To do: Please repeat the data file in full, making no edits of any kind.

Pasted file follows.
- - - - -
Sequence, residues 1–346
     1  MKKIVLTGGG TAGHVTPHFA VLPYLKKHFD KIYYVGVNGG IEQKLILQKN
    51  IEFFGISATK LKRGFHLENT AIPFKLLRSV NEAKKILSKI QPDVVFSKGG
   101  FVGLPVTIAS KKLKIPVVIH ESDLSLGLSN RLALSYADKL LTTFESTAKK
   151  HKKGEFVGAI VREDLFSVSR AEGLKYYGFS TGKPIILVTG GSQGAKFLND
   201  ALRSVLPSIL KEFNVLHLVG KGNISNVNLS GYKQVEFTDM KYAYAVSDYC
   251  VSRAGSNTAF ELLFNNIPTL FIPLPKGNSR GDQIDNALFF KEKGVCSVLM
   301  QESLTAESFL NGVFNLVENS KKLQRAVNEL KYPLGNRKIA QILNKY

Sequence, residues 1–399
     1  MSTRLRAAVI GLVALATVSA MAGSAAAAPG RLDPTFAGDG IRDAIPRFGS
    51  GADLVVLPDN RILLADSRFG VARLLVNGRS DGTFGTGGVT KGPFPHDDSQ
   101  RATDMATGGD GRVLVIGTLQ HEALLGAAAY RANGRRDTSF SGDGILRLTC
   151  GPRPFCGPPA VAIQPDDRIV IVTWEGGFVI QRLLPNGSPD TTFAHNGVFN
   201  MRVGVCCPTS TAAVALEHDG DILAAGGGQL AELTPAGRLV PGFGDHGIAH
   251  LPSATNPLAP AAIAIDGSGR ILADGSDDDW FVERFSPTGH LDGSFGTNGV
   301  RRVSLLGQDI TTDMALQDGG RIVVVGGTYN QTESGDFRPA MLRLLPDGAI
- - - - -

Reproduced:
Sequence, residues 1–346
     1  MKKIVLTGGG TAGHVTPHFA VLPYLKKHFD KIYYVGVNGG IEQKLILQKN
    51  IEFFGISATK LKRGFHLENT AIPFKLLRSV NEAKKILSKI QPDVVFSKGG
   101  FVGLPVTIAS KKLKIPVVIH ESDLSLGLSN RLALSYADKL LTTFESTAKK
   151  HKKGEFVGAI VREDLFSVSR AEGLKYYGFS TGKPIILVTG GSQGAKFLND
   201  ALRSVLPSIL KEFNVLHLVG KGNISNVNLS GYKQVEFTDM KYAYAVSDYC
   251  VSRAGSNTAF ELLFNNIPTL FIPLPKGNSR GDQIDNALFF KEKGVCSVLM
   301  QESLTAESFL NGVFNLVENS KKLQRAVNEL KYPLGNRKIA QILNKY

Sequence, residues 1–399
     1  MSTRLRAAVI GLVALATVSA MAGSAAAAPG RLDPTFAGDG IRDAIPRFGS
    51  GADLVVLPDN RILLADSRFG VARLLVNGRS DGTFGTGGVT KGPFPHDDSQ
   101  RATDMATGGD GRVLVIGTLQ HEALLGAAAY RANGRRDTSF SGDGILRLTC
   151  GPRPFCGPPA VAIQPDDRIV IVTWEGGFVI QRLLPNGSPD TTFAHNGVFN
   201  MRVGVCCPTS TAAVALEHDG DILAAGGGQL AELTPAGRLV PGFGDHGIAH
   251  LPSATNPLAP AAIAIDGSGR ILADGSDDDW FVERFSPTGH LDGSFGTNGV
   301  RRVSLLGQDI TTDMALQDGG RIVVVGGTYN QTESGDFRPA MLRLLPDGAI